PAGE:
DVD burning question
I know this is probably simple, but not sure how to do it.
My parents are not very computer literate (to say the least.) I've tried to send them a movie file, such as an AVI or MPEG2, and a program to write it to a DVD so that they can watch the DVD in their standard DVD player. They seem to struggle with that for some reason.
So - is there a format I can save a movie in that they can simply write to a DVD, the way you'd write WAV files to a music CD, and the DVD then play like a standard movie DVD? I use MEP 11 for movie editing and just use the burn DVD options without ever looking to see what the files are converted to (I assume some type of VOB plus other files.)
How about you send them a $35 DVD player that can play xvid and divx .avi files straight off CD-Rs and DVD-Rs?
Otherwise, you're stuck with .ISO images which are about 4.7GB for a full DVD.
One option would be to put it on YouTube and send a link, but the video would look like crap.
Otherwise, snail mail them a DVD. Burning a movie DVD is too complicated and/or time consuming for most people.
Edit: removed "it's easy on a Mac" comment... Mac's need extra software to deal with AVI format.
Most DVDs are very particular about the file/directory layout. They expect to find the VOB/IFO/etc files in a directory called VIDEO_TS. It is best to have an AUDIO_TS directory there just in case, as well, even though it is almost always empty. Look at the format of a real DVD and make sure what you send them looks like that (it doesn't have to have the same number of VOB, etc files in VIDEO_TS, but it should generally have the same layout), and send them the files in the exact directory hierarchy you see on the disk -- you should probably zip up the DVD root directory as-is and make sure it looks just like the regular DVD layout you see on real DVDs (with the AUDIO_TS and VIDEO_TS directories) and send that with instructions on how to unzip and drag the files to a blank DVD in Windows for burning.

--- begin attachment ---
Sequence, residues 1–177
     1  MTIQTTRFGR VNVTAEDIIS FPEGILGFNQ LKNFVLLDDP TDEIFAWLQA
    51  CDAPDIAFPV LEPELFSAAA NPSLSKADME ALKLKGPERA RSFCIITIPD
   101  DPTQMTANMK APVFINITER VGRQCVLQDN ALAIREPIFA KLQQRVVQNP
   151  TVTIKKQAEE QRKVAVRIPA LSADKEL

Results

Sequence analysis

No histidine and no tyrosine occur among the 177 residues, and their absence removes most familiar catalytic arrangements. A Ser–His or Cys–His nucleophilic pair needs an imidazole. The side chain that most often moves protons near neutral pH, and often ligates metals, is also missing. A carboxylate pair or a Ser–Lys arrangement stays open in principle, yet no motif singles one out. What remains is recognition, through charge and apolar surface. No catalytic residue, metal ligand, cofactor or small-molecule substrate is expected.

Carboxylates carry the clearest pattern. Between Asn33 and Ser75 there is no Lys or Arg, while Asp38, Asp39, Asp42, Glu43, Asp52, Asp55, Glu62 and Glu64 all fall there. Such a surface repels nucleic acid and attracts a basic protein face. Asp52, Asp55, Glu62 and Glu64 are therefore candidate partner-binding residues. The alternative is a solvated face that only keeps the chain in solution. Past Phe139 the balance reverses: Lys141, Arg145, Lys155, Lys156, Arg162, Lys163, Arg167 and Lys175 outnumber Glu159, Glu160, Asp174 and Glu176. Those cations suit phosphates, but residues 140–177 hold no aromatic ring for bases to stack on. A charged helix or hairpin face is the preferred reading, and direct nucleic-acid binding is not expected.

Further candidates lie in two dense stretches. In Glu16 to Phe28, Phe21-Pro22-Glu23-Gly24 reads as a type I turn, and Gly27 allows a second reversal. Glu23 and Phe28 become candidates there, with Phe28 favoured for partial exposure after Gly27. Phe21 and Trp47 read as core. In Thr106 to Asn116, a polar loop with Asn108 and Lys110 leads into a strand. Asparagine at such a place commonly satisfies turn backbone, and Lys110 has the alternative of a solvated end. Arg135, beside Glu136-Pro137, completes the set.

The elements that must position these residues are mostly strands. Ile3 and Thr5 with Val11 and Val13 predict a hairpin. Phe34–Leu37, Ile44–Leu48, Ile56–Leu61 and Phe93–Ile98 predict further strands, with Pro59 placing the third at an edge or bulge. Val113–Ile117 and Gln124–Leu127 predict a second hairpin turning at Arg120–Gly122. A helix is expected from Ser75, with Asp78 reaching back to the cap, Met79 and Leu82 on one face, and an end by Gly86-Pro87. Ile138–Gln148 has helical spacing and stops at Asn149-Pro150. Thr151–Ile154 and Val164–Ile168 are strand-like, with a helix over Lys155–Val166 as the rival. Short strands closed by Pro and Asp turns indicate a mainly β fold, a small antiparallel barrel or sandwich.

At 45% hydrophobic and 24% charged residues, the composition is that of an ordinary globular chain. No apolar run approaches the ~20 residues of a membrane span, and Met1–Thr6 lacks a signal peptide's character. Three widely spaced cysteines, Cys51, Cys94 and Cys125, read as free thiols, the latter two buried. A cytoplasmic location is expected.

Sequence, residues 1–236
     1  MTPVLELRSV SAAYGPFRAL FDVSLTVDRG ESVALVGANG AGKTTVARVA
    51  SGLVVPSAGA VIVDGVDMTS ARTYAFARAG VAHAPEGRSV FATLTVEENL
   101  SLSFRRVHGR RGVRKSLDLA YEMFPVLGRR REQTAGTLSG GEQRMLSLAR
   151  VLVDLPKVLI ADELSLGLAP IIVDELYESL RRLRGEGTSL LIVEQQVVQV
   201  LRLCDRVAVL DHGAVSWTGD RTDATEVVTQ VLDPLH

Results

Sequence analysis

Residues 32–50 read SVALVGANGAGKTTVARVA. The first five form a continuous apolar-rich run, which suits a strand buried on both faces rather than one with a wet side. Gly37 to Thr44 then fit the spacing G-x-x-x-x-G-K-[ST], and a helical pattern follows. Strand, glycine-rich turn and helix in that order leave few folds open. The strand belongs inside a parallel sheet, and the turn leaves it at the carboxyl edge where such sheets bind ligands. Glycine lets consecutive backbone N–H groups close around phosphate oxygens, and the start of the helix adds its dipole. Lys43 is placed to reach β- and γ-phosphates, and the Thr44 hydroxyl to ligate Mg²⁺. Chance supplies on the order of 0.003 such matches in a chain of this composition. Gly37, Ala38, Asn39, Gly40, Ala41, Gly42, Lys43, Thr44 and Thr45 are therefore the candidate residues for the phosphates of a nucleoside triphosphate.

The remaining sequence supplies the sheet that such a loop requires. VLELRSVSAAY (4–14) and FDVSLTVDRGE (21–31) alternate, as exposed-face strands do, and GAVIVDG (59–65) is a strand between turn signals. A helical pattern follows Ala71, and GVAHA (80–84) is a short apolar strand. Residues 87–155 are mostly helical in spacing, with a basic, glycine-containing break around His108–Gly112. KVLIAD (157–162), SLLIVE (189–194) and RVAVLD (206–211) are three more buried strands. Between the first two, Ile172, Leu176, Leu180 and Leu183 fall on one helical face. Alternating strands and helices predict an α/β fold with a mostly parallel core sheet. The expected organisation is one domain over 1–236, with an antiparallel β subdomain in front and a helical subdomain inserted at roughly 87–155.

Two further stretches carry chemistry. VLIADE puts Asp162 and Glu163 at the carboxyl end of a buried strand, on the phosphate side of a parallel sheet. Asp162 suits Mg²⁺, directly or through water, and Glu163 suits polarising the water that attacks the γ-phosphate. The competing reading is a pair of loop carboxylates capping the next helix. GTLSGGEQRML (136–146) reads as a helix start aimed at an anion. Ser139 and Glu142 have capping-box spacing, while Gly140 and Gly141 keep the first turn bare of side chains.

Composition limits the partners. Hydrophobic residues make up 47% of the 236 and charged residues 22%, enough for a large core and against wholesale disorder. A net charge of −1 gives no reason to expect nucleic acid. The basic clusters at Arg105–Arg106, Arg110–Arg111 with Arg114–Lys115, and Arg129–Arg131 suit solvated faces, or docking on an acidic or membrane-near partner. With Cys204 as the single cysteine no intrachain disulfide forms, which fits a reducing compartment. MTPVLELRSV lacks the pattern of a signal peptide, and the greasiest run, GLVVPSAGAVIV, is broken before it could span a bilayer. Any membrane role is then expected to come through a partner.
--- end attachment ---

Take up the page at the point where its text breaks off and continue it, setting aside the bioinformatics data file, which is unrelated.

The key points being 1) send them exactly the right file/directory layout and 2) try burning a DVD copy of it on your local system and generate a simple set of rules they can use to extract the zip and drag the files to a blank DVD and burn using just the Windows DVD burning stuff or whatever burner software they use. And then try viewing that DVD on a regular burner or as a DVD through Windows Media Player. If you can't get it to work locally, there's no way they'll get it to work remotely.
If all else fails, Roger's suggestion to get a divx-playing DVD player is a good one. There's a chance your parent's DVD player already does divx, they can look for the logo to be sure or give you the model number and you can look it up.
An alternative to zip is to just send an ISO. They will be big for full DVDs as Roger mentioned, but if the DVD clip is small it might be workable, and in any case it won't be bigger than zipping the VOB files. You can use DVD Shrink ( http://www.mrbass.org/dvdshrink/ ) to convert the DVD file hierarchy to an ISO (if your video editing software doesn't already support writing to an ISO) and your parents can use software like Nero to burn the ISO to a DVD. Easier than dealing with ZIP files, probably. And if your parents have Vista they can use ISO Recorder ( http://isorecorder.alexfeinman.com/isorecorder.htm ) to burn the DVD (instead of Nero or whatever), which is really easy to use. Sadly ISO Recorder won't burn DVDs, just CDs, in earlier versions of Windows.
The sad truth is Gordon is right, this stuff is a pain to deal with even if you're very video/computer literate, so it is no wonder your parents are having trouble.
I assume you're going to email / im / ftp the files over internet instead of physically mailing a video DVD. "Kong" 's solution is best in long-run. The superior compression means you don't need to take 2 days to upload a 4 gigabyte iso.
dvd's ~ 1000 mb ~ 30 minutes of video
divx ~ 200-350 mb ~ 30 minutes of video